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Labor Day Hangover: Low Wages Plague NC Citizens

first_imgThousands of North Carolinians enjoyed a welcome reprieve from work during the long Labor Day weekend, but many of them are returning to work today, making less money than they need to pay their basic bills.The minimum wage in North Carolina is $7.25 an hour, about $5 short of what some consider a living wage in the state.Marybe McMillan, secretary-treasurer of North Carolina AFL-CIO, says low wages trap workers in a cycle difficult to escape.“Unfortunately, far too many working people are struggling because they are stuck in these jobs that pay wages that don’t enable people to provide for their families,” she states.The AFL-CIO is among the groups behind the Fight for 15 campaign, aiming to raise the minimum wage to $15 an hour.New York and California recently raised their minimum wage to that amount.The issue of raising the minimum wage is among those being discussed in the presidential campaign, with Democratic Party nominee Hillary Clinton supporting a raise, and Republican Donald Trump at times opposing it and at other times supporting it.McMillan says studies show that entire communities benefit when everyone is paid a fair wage.“Working people are what drive our economy,” she stresses. “We are consumers, so when we earn a living wage, when we have more money in our pockets, we spend more at businesses.“We also are taxpayers, so we pay more in tax revenue which provides more revenue for our local government.”New research from the Economic Policy Institute and the Center for Economic and Policy Research found that the decline of unions in the U.S. is impacting the income of all workers.In addition, union workers earn 30 percent more on average than non-union workers.last_img read more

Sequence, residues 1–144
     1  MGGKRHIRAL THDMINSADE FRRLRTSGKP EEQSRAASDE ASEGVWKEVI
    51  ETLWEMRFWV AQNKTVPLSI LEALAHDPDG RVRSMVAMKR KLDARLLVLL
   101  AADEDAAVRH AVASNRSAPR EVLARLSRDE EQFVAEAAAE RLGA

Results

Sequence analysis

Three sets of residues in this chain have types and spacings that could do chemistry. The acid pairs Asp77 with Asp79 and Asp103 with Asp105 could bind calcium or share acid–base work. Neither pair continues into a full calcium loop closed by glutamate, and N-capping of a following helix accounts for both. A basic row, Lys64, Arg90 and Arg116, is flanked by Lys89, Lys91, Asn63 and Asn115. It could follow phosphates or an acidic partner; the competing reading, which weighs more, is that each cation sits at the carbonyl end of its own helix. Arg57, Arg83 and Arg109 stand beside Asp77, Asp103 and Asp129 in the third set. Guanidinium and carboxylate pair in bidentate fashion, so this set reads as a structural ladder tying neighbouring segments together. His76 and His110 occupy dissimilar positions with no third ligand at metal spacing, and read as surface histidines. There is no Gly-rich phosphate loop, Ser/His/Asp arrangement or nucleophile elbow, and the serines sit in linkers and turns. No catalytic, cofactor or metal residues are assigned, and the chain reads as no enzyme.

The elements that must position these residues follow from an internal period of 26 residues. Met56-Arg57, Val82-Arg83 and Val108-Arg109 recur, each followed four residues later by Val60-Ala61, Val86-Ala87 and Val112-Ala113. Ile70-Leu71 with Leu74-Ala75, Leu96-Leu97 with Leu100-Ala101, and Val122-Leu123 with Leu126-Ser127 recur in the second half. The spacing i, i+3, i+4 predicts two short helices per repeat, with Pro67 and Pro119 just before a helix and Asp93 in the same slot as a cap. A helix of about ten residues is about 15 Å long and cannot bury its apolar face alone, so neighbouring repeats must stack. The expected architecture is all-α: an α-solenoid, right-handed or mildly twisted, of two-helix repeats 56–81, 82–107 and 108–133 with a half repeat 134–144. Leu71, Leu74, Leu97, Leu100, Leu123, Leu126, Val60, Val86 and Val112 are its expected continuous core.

Cape Town’s new bus system